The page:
This time there were no referees to blame for the Miami Heat losing Game 6 of the 2011 NBA Finals. Fouls were called, but the members of the Miami Heat did not do their job in converting the free throws. Thus the two gentlemen pictured above along with the Dallas Mavericks are champions of the basketball world.
I am stunned and forced to question my knowledge of basketball. I always thought the team that played better defense and possessed better players on its roster won a seven game series. I also assumed the team that relied on long distance shooting rather than a philosophy of driving toward the basket fell behind. But this year that was not the case. The Dallas Mavericks defeated the Miami Heat and I am left to cry myself to sleep.
So what is next for my favorite group of underachievers?
The media were quick to say the Miami Heat need to shake up their roster and trade one of their star players of Dwyane Wade, LeBron James, or Chris Bosh for some other players. I vehemently disagree. While each of these players had shortcomings exposed throughout this series I still believe there have never been three players this good at the peak of their careers on one team. Earlier in the year I compared this Heat team to the Beatles and the Superfriends. I can preach patience and remember it took several albums for the Beatles to record Sgt. Pepper’s Lonely Heart’s Club Band. But on the other hand I don’t remember any of their albums ending with a drunken ballad by Ringo. Nor do I remember Superman or Batman running out of gas at the end of their battles with evil billionaires and German mercenaries.
But unlike Superman, LeBron James strangely disappeared at the end. Throughout the rest of the season James was supremely confident. But in the last minutes of the Finals not only was he not making shots, James was not taking shots. As any ladies man will tell you, you can’t score if you don’t shoot.
James was as tentative as I’d ever seen him. He was passing up open shots which resulted in turnovers or less effective teammates attempting a shot. This was his moment of glory, but instead it will be remembered as a failure and as I have for most of the last three years I will blame the coach.
To Heat coach, Erik Spoelstra’s, credit he never once whined about poor officiating. He was gracious in defeat in congratulating the Dallas Mavericks, but I am not certain you want someone known as a good loser in charge of a sports team you root for.
Spoelstra also had his chance for glory. He could have stood in LeBron James’ face and reminded him he was LeBron James. He could have directed him to dribble toward the basket and not let go of the ball until he catapulted it in the general direction of the hoop, but instead the plays called out of timeouts led to three point attempts by immortals like Eddie House and Mario Chalmers. Most maddeningly Spoelstra called a timeout with the Heat down by twelve and eighteen seconds left on the clock. Since there is no twelve point shot the only reason I could think of him stopping the game was to allow the Mavericks time to relish their victory and in turn piss me off more.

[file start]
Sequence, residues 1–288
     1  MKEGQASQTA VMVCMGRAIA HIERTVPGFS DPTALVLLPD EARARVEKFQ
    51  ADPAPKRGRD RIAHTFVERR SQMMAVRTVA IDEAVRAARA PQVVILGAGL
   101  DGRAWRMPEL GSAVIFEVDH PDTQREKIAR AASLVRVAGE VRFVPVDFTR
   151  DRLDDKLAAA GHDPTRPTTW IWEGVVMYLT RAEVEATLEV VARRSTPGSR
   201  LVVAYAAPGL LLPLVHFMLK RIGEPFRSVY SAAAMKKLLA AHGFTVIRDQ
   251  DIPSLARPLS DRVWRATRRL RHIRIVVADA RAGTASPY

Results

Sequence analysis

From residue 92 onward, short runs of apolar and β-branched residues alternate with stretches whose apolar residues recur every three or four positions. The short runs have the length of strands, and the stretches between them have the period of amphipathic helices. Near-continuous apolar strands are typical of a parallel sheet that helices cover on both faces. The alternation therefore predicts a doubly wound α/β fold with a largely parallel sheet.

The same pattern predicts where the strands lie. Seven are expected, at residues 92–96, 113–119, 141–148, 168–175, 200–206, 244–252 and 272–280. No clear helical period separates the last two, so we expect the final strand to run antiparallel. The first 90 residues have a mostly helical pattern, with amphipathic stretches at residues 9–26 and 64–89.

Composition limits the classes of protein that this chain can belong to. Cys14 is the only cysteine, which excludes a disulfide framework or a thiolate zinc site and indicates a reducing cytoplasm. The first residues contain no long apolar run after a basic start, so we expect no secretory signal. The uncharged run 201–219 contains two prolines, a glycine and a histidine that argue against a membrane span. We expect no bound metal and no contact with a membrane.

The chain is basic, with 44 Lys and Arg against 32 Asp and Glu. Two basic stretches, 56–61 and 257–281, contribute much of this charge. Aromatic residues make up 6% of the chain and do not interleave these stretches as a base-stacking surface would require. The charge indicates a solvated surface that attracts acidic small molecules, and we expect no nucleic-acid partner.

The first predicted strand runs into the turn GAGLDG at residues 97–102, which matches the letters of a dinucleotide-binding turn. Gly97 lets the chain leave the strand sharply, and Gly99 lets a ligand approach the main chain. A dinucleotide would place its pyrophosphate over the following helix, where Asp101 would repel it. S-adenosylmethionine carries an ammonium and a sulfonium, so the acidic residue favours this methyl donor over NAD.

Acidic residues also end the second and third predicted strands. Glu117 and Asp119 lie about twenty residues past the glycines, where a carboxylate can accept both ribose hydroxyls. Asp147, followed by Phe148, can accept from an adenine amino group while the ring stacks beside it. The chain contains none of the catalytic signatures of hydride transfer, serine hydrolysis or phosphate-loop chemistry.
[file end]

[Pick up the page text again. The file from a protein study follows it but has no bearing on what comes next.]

A coach probably would not make a difference in a ten point game, but a good coach definitely could be the difference in the past three losses that were decided by three points or less. I have long begged Pat Riley to come out of retirement to lead the Heat. His former assistant and current television broadcaster Jeff Van Gundy spoke of an instance which highlights why. Years ago when Riley coached the Knicks a player said he was hurt and wasn’t going to dress for the game. Riley asked the hurt player, “Could you go out on the court for one minute?”
“One minute? Sure.” The player said.
“Well then put on your uniform we might need you for that minute.” That kind of passion and motivation can bring out the best in people and it is what someone spoiled by fame and riches might need to perform. I found it strange when Van Gundy told that story. He and Riley had been bitter rivals for years. Never before in his broadcasts had I heard Van Gundy speak so glowingly of Riley, but then I realized he was angling for the Heat job. And if Riley will not coach again his former protegé, Jeff Van Gundy, would be the perfect person to take over.
But that is all in the future. In the present as this defeat lingers I try to find metaphor in sport. It’s hard to remember without tasting the bitter and the salty, one could not appreciate the taste of sweetness. And while I question the hours I spent watching the team along with the curse words I wasted and the gray hairs gained, I have to appreciate the optimism granted towards all sports fans, that really should be applied toward the rest our lives too, there’s always next year.